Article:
EPA Says San Francisco Violating Federal Water Regulations

KCBS Radio Morning News
October 03, 2019 - 10:33 am
Ocean Beach in San Francisco is part of the Golden Gate National Recreation Area.

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(KCBS Radio) - The Trump administration’s feud with San Francisco escalated further Wednesday when the Environmental Protection Agency issued a notice to San Francisco accusing the city and county of violating the federal Clean Water Act.

The notice was issued as a letter to Harlan Kelly, Jr., general manager of the Public Utilities Commission, and alleges violations in the city and county wastewater treatment and sewer system. The EPA says the system has allowed raw and partially-treated sewage to flow onto beaches and into the ocean and sometimes into streets and homes. The agency also says the city has not maintained proper cleaning, inspection and repair procedures.

The notice contained a veiled warning that it retains the option of seeking fines and penalties through administrative, civil or criminal actions over the violations.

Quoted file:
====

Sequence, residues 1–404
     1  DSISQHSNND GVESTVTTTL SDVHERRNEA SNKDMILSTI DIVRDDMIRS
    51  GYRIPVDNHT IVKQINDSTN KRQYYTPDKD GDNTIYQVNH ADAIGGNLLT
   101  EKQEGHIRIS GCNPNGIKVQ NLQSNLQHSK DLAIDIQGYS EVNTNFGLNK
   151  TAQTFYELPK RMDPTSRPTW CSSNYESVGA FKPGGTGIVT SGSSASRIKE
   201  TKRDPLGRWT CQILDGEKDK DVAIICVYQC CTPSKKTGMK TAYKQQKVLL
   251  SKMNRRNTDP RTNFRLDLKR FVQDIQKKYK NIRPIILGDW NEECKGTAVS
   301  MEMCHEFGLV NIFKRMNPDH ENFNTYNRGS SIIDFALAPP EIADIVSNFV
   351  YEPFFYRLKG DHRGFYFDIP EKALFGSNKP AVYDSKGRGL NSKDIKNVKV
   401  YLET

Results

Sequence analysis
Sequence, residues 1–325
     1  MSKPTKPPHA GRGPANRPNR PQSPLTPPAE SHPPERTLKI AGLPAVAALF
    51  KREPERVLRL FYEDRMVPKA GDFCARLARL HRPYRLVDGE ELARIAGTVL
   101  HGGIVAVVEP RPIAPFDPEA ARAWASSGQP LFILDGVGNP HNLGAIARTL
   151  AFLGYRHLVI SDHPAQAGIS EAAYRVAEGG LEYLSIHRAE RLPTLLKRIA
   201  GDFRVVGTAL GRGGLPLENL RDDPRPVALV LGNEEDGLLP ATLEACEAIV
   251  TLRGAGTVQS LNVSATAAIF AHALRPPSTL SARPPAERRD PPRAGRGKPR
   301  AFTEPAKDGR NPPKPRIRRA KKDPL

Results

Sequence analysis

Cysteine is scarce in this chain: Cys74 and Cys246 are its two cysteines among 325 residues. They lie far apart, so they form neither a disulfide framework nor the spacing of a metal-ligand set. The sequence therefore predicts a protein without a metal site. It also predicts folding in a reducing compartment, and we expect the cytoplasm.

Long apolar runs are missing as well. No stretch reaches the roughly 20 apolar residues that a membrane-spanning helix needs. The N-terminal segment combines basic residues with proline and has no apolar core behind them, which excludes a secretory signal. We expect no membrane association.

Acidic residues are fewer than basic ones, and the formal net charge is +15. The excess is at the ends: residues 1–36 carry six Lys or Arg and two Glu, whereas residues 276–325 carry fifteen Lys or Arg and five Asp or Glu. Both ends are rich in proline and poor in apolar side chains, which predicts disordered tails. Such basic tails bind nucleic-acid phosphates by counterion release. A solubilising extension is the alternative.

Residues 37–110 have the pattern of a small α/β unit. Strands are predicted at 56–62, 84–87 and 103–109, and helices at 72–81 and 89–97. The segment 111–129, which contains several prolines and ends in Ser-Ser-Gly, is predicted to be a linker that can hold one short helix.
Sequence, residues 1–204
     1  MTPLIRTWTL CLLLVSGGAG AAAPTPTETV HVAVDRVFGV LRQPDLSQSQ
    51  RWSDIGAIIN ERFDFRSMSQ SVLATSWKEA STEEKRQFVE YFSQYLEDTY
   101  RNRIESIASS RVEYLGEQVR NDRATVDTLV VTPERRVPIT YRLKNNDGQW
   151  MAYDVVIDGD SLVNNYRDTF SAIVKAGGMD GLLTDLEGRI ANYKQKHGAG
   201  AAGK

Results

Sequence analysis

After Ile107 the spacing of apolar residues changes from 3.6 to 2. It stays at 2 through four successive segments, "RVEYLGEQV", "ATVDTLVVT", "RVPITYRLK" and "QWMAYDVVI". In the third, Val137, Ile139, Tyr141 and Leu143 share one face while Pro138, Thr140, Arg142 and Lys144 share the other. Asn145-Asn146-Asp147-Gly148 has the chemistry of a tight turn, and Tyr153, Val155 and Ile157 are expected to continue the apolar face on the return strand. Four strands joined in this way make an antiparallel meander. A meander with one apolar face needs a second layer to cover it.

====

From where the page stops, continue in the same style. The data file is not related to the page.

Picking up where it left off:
San Francisco Mayor London Breed said in a statement the notice “contained a series of mischaracterizations, inaccuracies and falsehoods.”

“No debris flow out into the Bay or the Ocean,” said Breed. “In fact, the EPA recently awarded San Francisco the largest, merit-based award it has under its competitive loan program for water infrastructure.”

Breed says the city has been working with the EPA for years to upgrade its aging infrastructure and accused the Trump administration of politicizing the agency. “The notice of violation flies in the face of years of good faith discussions convened between the City and the EPA.”

It is the latest move in an ongoing battle between the Trump administration and California’s Democratic leaders.

In recent weeks the EPA has also sent letters to Governor Gavin Newsom alleging the state is violating federal air and water quality standards and threatened to withhold transportation funding. Newsom called the threat “pure retaliation”.

It came after President Trump warned of possible federal action during a visit to the state last month, saying homelessness in San Francisco was causing needles and human waste to flow through storm drains into the Pacific Ocean.

Mayor Breed has vehemently denied the claim and says, “President Trump’s sudden concern for California’s environment is ironic considering he is undercutting the state’s ambitious vehicle emission standards and climate change plans.”

California has filed more than 50 lawsuits opposing the administration’s initiatives, including one to block the National Highway Traffic Safety Administration from revoking the state’s authority to set its own emissions standards.